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Seamanship - Sailing Backwards

Go To: Sailing - Techniques and Manoevres

Posted on 02 November 2009 18:23

The ability to sail backwards may not sound very useful, but it’s a skill that contributes towards boat control and manoeuvrability.

Sailing backwards is a skill that you won’t find useful very often but might just get you out of a tight spot; for example manoeuvring out of a tight spot on a crowded pontoon (it’s unlikely you’d do it in a marina, your boat would probably have an engine), if you find yourself drifting over a start line of a race, or to check your anchor has held when setting anchor. It’s probably the easiest of all the seamanship skills to pick up.


To sail backwards, you must stop sailing forwards – pretty obvious really, but if you have any forward momentum it will make it more difficult to do. The best setup to start out with is to be sailing along slowly, and then tack, but stop half way through when you are head to wind.

The only way to sail backwards is to push the sail out on the wrong side of the boat, so the wind fills it on the wrong side, pushing you backwards. If you do not get as close to head to wind as possible, you will more than likely fail the attempt – if you stop as you just start to tack, you will not find yourself into the wind enough, and as the wind starts pushing you backwards, it will push you around enough that the wind will then move over the sail just as it does normally when you sail forwards, therefore stopping your sailing backwards progress!

When head to wind, if you have a crew, they should push the boom out towards the wind as much as possible – in strong winds this can require a lot of effort and may require them to stand or at least half-stand with their weight against the boom – this should be done carefully, as a gust could well be enough to knock them off their feet or out of the boat! Nothing need be done with the jib – let it flap, do not jam it off or it could work against you.

Backwards sailing

Diagram 1: Backwards sailing

While they are doing that (or you if you are in a single handed boat), the helm needs to steer. When sailing backwards, as you might expect, the steering is reversed, just as in a car. In real terms, whichever way you point the tiller, if you follow the direction of the tiller out of the back of the boat, that is the direction in which the boat will travel, as in Diagram A. You should steer very lightly, trying not to overcompensate, as if you oversteer, more than likely the boat will move too far away from head to wind and you will stop sailing backwards – and if you go too far, it is very difficult to recover without starting again from scratch.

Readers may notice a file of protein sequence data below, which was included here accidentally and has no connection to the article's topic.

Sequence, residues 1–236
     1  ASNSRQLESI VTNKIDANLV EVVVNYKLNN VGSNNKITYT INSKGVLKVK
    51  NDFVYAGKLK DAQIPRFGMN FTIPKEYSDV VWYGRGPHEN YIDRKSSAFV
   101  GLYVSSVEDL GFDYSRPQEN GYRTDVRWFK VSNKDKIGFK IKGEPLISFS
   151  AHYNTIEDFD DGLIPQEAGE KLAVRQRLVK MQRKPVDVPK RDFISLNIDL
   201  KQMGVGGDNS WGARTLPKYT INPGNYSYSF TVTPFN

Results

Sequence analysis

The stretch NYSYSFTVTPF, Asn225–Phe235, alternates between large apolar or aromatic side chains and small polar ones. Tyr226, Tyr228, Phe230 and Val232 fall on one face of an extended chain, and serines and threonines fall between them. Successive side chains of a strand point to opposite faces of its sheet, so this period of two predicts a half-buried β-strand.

As the boat speeds up, you should attempt to move your weight forwards, which should bring the transom out of the water and the stern up – therefore giving less resistance. If you move backwards you will dig the transom in and the water will pile up against it (or over it in an open transom boat causing altogether different problems). Again as the boat speeds up, you may feel the steering attempt to “snatch” or move harder – try to resist it, as you will end up turning the boat too far.

When you have sailed backwards as far as you want, to stop sailing backwards, simply push the tiller further towards the sail, and then the crew (or you) can stop pushing against the sail; the steering will push the boat around out of head to wind, you can pull in the sail and straighten the tiller, and sail away.


Not a skill that is used often, sailing backwards is easy to pick up, and easy to impress with. When everyone else is waiting for the crowded jetty to empty for them to sail off, if you can sail backwards a few metres, then sail off ahead of everyone else, picking up a few extra brownie points on an instructors course, or getting out to the race course ahead of everyone else for a spot of extra practise and time on the water.

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